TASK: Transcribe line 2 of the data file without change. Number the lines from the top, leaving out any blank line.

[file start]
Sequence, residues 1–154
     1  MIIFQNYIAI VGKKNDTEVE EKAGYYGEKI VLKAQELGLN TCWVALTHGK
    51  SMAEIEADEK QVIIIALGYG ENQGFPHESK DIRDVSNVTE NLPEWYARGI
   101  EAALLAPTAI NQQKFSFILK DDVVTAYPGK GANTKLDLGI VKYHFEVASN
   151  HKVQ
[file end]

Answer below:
     1  MIIFQNYIAI VGKKNDTEVE EKAGYYGEKI VLKAQELGLN TCWVALTHGK